Cutting-edge technology could help local restaurants reopen sooner

Posted at 9:38 PM, Aug 07, 2020
and last updated 2020-08-08 00:00:17-04

VIRGINIA BEACH, Va. – New cutting-edge technology could be the future of safely getting back to some kind of normal.

A thermal scanner, known as a DeCurtis Shield, takes your temperature in less than a second, and it helps to limit the risk of contracting COVID.

The Shield kiosk is the first stop people must make when walking into Croc’s 19th Street Bistro in Virginia Beach.

“It was interesting, because I haven’t seen anything like that before,” Croc’s employee Callie Habr. “It was nice to see different tactics being taken to kind of combat and control all the cases.”

This week was the first time the technology is being used inside a restaurant to test how the device operates in the setting and how it can be improved.

Laura Wood Habr is the co-owner of Croc’s 19th Street Bistro. She partnered with Broadband Telecom and DeCurtis Corporation to bring the DeCurtis Shield to the restaurant for the case study.

“I think we’re all ready to find a way to mitigate this and get doors to businesses back open, and get people back to feeling comfortable,” Wood Habr said.

The kiosk uses a combination of thermal imaging and facial recognition to read temperatures from the tear duct of your eye.

DeCurtis Corporation, a software company, designed the algorithm. The VP of Safety & Security, Matt Winans, said its reading is more accurate than a temperature gun.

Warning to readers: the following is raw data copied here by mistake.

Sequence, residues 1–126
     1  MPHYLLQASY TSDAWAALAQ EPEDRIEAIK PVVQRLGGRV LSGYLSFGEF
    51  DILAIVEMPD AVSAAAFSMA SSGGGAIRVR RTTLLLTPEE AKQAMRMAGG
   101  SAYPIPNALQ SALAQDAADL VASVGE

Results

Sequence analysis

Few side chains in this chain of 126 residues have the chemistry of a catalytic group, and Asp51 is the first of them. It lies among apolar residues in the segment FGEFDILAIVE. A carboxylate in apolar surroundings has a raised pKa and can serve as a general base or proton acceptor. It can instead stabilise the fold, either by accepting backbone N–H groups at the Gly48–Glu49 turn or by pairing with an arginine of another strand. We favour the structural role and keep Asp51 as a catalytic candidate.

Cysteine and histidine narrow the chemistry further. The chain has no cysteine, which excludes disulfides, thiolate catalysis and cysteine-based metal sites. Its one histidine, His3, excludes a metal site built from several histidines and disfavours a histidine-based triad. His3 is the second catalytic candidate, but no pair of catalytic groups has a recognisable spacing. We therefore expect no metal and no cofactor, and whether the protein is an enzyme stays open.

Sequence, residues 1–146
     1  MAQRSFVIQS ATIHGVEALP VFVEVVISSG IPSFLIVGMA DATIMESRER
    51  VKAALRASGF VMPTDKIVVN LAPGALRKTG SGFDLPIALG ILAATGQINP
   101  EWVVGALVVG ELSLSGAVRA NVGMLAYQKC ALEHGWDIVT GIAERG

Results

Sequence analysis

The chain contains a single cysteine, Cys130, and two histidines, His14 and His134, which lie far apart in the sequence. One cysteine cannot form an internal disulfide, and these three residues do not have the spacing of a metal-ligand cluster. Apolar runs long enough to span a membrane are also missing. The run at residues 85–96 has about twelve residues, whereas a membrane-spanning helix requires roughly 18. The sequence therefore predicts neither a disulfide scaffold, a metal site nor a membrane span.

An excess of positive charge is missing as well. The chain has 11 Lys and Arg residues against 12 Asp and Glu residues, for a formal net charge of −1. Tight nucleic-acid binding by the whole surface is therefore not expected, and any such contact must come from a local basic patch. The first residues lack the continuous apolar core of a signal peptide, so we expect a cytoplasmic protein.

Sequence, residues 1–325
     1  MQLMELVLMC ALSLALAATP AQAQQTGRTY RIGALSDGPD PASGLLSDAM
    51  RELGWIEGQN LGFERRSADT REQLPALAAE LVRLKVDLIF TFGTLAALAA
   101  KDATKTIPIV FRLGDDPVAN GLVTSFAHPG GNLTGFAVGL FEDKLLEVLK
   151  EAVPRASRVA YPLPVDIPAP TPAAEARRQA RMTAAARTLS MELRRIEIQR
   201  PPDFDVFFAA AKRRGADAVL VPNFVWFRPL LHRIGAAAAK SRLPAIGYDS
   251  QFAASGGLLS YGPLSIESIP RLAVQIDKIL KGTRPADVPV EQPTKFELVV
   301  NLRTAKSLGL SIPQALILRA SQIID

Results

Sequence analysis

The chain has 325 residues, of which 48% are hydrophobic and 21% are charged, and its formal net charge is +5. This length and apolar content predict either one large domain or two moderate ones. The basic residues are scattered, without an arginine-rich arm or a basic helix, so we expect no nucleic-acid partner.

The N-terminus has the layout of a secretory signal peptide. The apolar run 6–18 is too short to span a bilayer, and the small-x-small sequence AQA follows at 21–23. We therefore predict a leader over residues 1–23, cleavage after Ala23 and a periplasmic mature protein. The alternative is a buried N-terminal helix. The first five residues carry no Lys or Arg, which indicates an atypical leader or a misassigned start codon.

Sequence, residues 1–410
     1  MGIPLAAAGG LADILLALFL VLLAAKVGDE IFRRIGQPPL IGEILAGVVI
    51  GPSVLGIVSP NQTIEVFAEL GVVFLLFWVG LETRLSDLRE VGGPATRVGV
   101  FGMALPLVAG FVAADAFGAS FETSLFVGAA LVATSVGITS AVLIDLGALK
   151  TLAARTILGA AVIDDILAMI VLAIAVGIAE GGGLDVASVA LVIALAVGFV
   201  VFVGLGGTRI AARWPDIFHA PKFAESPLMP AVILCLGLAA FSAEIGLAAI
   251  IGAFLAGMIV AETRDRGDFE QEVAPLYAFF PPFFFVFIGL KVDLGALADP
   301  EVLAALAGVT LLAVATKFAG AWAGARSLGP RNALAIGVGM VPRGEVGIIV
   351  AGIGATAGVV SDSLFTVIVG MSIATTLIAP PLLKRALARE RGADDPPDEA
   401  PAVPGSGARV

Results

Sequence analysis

“When you sweat, it lowers your temperature, so it gives you false positive,” he said. “When you have a sunburn, that could raise your temperature. By capturing this point in the eye gives us the most accurate location on the face to take a temperature.”

News 3 first showed viewers the cutting-edge technology in June. The Virginia Beach Psychiatric Center was first in the area to use the Shield.

The center’s CEO, Kurtis Hooks, said the DeCurtis Shield has helped to stop dozens of people at the door who potentially could have had the virus.

“We’ve had 30,000 – 40,000 people, between vendors, patients, guests and staff get screened, and we turned away 30-40 people,” he said. “About 10 people were medically treated at a hospital.”

Hooks said the evidence-based screening process has kept patients and staff safe.

“They feel safer,” he said. “Our staff feels safer; our guests feel a higher level of confidence coming in.”

The hope is to have the devices at other local businesses and even large-scale events to help move reopening plans forward.

Gov. Ralph Northam (D-Virginia) recently re-imposed restrictions on restaurants, breweries, wineries and distilleries, some of the industries hit hard by the pandemic.

“It’s pretty fair to say that the restaurant industry has been pretty much devastated by COVID-19 with the restrictions,” Wood Habr said.

For Wood Habr, the data compiled from the device leaves her hopeful that her restaurant and others can operate close to how they did before COVID.

“Technology is our future,” she said. “If we can partner with them to mitigate COVID, we’d be better off.”

According to, Wood Habr, the DeCurtis Shield technology is eligible to be funded through the CARES Act through municipalities.

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